In this particular environment, gender roles are not associated with extremes of masculinity and femininity. Both Steve Pickering as Macbeth, and Toby Onwumere as Macduff, take advantage of this to play more wildly emotional characters than we are used to seeing in these parts. It is a fearless cast, but I would not have predicted that this would manifest in leading men as the ability to play their fears and pain so openly. This was the great revelation of the evening. I did not realize how much, in most Macbeths, the Thane’s masculinity is expressed by emotional detachment and dehumanization until I saw this portrayal which was so vitally alive. Pickering was deeply emotional throughout, especially in soliloquy, and if anything led to his defeat it was that Onwumere (as Macduff) was even more so.
Not everything about the reworking was successful—Malcolm’s equivocating test of Macduff was as interminable as ever, for example—but seeing so much in an altered context kept the production intriguing even when the pace slowed in the second half.
Brandt’s interest was largely in the psychology of character, with the supernatural element substantially less prominent than the Rupert Goold film starring Patrick Stewart or other recent versions. When it came time to kill Banquo, she did select Seyton (Darek Riley) to play the mysterious third murderer, but the insistent pronunciation “SEE-ton,” rather than the punning “Say-tan,” told us that in her vision characters control their own fates rather than being manipulated by evil. In this production, Fleance escaped his assassination because the murderers were inept, not because he was protected.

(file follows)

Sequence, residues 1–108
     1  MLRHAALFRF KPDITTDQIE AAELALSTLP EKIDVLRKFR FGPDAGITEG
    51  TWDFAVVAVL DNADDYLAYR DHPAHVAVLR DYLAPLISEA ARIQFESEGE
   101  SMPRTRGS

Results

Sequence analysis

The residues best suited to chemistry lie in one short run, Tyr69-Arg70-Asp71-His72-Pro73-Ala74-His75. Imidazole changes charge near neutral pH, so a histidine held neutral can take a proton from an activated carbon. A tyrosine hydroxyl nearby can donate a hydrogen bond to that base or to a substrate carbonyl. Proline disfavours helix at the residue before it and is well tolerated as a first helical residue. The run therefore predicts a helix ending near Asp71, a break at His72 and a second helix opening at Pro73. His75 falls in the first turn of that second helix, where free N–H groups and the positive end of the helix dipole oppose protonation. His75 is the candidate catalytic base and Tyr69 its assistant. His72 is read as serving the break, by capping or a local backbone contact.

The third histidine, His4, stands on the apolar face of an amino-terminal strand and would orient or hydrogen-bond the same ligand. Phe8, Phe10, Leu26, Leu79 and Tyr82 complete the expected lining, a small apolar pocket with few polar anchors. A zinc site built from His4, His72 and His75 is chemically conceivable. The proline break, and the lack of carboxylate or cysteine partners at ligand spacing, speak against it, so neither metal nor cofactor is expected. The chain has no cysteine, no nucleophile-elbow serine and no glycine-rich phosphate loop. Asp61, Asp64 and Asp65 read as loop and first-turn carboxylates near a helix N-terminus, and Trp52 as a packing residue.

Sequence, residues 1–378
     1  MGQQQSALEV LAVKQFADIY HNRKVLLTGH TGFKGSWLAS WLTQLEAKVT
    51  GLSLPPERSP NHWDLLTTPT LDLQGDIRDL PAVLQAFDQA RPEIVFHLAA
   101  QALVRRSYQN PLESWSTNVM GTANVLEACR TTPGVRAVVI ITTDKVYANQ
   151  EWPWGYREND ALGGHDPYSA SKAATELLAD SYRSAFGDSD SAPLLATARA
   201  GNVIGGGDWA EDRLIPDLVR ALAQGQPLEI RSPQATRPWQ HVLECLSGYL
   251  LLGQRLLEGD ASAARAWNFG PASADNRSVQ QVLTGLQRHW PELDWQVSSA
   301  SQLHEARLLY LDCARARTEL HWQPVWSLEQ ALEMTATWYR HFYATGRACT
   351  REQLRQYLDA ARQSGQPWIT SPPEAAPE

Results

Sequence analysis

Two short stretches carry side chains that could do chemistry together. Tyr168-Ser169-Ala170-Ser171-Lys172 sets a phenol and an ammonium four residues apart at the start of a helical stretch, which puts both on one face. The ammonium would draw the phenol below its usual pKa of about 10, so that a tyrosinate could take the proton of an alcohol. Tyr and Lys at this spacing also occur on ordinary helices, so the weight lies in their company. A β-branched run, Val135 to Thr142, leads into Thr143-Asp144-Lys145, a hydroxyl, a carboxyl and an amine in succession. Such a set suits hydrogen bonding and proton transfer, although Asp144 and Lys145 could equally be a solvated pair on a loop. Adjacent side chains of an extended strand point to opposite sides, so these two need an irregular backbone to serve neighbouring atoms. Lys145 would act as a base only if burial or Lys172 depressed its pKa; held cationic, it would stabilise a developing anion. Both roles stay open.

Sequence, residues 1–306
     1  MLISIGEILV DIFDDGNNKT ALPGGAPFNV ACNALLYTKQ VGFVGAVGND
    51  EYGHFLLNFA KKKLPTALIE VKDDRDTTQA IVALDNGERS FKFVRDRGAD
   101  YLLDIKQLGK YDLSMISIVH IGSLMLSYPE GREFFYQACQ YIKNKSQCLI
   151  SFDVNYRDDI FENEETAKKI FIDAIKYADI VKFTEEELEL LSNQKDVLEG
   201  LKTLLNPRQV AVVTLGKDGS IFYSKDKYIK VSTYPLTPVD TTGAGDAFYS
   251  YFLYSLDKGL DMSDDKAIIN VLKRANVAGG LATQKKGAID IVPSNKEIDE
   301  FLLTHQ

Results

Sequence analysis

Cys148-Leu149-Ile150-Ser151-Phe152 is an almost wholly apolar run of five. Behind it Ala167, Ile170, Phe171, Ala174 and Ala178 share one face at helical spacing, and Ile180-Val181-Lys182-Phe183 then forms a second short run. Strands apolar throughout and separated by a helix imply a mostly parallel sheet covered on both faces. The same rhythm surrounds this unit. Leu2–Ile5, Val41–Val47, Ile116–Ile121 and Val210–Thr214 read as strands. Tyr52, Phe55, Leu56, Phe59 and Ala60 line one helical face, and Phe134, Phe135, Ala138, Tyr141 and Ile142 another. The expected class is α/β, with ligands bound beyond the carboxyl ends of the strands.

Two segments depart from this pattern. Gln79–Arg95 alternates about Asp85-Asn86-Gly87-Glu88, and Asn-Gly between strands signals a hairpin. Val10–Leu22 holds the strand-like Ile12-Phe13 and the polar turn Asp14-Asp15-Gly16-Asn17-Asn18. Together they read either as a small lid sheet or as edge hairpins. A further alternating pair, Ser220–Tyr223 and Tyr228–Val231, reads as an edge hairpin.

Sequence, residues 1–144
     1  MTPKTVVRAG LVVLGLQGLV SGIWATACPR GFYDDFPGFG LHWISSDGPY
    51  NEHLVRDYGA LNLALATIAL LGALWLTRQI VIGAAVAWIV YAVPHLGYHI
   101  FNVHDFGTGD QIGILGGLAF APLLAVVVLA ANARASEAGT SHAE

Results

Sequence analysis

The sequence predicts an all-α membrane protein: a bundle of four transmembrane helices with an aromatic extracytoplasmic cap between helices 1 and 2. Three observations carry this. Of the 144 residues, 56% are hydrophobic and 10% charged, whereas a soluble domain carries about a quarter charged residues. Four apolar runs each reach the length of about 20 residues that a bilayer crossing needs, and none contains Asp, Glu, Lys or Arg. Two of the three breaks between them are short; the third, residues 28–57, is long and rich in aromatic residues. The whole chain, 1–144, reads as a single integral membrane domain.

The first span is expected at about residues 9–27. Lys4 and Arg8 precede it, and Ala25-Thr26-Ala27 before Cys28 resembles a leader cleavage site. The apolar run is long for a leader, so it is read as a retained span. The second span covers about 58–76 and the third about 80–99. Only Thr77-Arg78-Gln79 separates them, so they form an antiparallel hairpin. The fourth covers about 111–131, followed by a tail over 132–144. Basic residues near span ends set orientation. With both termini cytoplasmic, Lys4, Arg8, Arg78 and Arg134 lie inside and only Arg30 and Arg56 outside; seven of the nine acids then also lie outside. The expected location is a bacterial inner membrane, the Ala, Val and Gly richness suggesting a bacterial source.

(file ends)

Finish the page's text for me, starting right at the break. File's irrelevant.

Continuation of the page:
Brandt is an exciting director. Her production of Merry Wives of Windsor in the same venue a year ago was a revelation because—surprise!—it focused on the wives and not Falstaff. It is not fair to suggest that her production of Macbeth likewise shifts focus to the women. What it does do is re-contextualize both the women and the men so that we can see the story without quite so much sexist baggage. That is a great gift.